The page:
This is a guest article written by Anshritha Rai, a law student at ILS Law College, Pune. An avid reader, she has an insatiable passion for writing.
In an interim order passed just over a month after the case was filed, the apex court held that the National Anthem must mandatorily be played before the screening of any movie in cinema halls and the national flag must be displayed on the screen while all viewers dutifully stand up.
Justice Dipak Misra and Amitava Roy reasoned
“When the National Anthem is played, it is imperative for everyone to show honour and respect. It would instill a sense of committed patriotism and nationalism.”
The said order sparked a debate on whether compelling an individual to stand to attention and sing the national anthem is violative of the fundamental rights as enshrined in the Constitution.
“It is the sacred obligation of every citizen to abide by the ideals engrafted in the Constitution. And one of them is to show respect to the National Anthem and National Flag,”
the bench said.
However, the Ministry of Home Affairs’ Orders Relating to the National Anthem of India carries with it the backing of law and requires that all citizens must necessarily stand up during the National Anthem.
What is pertinent to note is that although these Orders are to be read as a part of the Prevention of Insults to National Honour Act, it accords no punishment for one who breaks the aforementioned rule.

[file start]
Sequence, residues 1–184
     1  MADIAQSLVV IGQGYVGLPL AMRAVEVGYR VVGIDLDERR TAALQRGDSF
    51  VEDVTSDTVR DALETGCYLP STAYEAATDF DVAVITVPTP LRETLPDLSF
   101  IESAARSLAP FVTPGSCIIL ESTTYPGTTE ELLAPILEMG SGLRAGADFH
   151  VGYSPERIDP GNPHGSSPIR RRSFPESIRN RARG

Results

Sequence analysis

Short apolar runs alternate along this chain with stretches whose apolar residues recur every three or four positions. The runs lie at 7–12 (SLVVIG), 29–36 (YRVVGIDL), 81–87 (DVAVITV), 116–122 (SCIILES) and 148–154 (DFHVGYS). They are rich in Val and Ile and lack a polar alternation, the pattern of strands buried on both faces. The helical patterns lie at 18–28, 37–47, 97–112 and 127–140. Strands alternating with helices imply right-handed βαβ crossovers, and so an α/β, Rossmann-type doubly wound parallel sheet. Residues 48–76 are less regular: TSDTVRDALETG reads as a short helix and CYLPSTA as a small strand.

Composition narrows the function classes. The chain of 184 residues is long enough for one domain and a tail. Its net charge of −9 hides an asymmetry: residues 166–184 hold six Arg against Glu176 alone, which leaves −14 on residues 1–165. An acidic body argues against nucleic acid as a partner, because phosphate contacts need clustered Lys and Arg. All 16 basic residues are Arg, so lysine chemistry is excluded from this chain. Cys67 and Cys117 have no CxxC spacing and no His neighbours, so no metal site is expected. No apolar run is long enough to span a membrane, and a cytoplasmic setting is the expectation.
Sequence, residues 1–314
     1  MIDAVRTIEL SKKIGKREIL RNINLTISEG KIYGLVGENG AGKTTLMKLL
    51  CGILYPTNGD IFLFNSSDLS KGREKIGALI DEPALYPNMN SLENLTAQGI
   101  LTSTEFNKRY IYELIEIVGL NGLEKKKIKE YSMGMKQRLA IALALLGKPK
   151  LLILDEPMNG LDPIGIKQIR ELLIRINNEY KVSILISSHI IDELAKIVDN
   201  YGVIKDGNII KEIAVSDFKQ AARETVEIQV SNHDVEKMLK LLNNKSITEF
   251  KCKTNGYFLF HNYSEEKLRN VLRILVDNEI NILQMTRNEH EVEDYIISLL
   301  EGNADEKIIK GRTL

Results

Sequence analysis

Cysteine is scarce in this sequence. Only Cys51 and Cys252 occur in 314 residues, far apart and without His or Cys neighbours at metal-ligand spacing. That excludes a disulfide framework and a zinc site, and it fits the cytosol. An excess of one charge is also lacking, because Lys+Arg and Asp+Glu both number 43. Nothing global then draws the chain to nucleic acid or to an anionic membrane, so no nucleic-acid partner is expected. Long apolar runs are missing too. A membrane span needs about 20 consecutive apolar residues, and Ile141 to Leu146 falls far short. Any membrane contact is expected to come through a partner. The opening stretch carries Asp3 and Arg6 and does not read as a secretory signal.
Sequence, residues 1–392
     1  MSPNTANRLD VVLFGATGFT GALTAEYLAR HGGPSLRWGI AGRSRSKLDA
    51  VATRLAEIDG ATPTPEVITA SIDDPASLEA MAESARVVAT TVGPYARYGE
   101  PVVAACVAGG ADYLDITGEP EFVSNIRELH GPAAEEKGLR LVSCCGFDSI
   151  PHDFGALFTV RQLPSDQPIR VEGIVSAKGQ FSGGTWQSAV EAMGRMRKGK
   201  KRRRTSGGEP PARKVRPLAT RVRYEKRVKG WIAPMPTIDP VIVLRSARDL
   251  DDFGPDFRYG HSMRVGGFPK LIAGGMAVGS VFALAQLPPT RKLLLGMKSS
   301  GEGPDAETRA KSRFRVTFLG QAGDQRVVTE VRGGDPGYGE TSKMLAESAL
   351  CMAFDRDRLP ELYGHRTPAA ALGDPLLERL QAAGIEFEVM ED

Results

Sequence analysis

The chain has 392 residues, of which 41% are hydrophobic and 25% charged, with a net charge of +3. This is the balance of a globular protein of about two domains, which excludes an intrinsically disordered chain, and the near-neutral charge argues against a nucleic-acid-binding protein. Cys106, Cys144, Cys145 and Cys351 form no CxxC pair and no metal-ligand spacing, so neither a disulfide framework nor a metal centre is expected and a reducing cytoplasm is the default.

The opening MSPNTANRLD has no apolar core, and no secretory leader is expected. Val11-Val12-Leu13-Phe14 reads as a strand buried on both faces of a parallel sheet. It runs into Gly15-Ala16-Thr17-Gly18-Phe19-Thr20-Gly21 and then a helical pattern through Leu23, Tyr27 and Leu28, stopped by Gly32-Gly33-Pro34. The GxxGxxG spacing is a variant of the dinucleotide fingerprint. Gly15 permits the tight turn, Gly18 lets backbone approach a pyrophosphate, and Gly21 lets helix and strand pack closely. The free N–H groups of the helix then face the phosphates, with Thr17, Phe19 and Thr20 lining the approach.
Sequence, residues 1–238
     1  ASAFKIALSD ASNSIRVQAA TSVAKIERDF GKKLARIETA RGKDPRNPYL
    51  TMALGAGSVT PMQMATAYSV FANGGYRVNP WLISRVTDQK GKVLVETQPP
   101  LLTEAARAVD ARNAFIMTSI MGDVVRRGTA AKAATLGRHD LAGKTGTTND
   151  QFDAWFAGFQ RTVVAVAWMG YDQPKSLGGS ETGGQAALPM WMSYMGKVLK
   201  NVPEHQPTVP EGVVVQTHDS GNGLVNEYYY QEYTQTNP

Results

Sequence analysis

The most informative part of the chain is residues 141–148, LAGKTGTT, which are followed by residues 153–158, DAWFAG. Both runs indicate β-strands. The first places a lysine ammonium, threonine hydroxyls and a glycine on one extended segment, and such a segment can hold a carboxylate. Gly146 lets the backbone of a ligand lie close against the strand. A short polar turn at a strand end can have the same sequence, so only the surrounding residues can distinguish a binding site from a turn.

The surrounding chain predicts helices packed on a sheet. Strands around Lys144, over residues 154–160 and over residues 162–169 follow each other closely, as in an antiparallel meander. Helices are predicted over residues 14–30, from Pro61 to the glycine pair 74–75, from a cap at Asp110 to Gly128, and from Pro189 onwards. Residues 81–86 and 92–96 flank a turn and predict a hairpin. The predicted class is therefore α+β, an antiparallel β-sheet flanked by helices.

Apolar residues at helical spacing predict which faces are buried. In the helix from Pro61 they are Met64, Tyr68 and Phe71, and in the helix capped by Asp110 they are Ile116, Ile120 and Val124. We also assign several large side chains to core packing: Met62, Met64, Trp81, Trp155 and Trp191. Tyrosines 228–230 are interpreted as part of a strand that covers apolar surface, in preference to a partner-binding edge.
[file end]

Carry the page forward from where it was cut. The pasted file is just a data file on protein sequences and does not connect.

No part of this Order prescribes a charge of sedition for failing to stand up when the anthem is played.
In a landmark case of Bijoe Emmanuel & Ors v. State of Kerala in 1986, the apex court ruled that coercing the children to sing the National Anthem infringed their right to religion.
In a recent case of 2003, a petition filed by Shyam Narayan Chouksey alleged that film producer and director Karan Johar had portrayed the National Anthem insultingly in the movie ‘Kabhi Kushi Kabhi Gham’. In response, Karan Johar moved the Supreme Court and the order passed by the High Court was set aside. It was held that viewers weren’t required to stand up when the anthem is played in a movie.
A question that the order raises is why instilling patriotism and nationalism through the anthem is confined only to audiences of cinema halls where viewers primarily go to for entertainment purposes.
The Supreme Court has further neglected to consider the plight of the disabled and the infirm who may not be able to stand up for the anthem.
The order creates the problem of its enforcement as it carries with it the possibility of being infringed nation-wide, thereby creating law and order complications.
Referring to the fundamental duties of citizens contained under Article 51-A of the Constitution, the court held that to revere and respect the National Anthem as well as the National Flag is a fundamental duty of each and every individual alike. However, the Constitution neither prescribes any provisions whatsoever for the implementation of these duties in a court of law nor does it provide any specific penalties for violating it.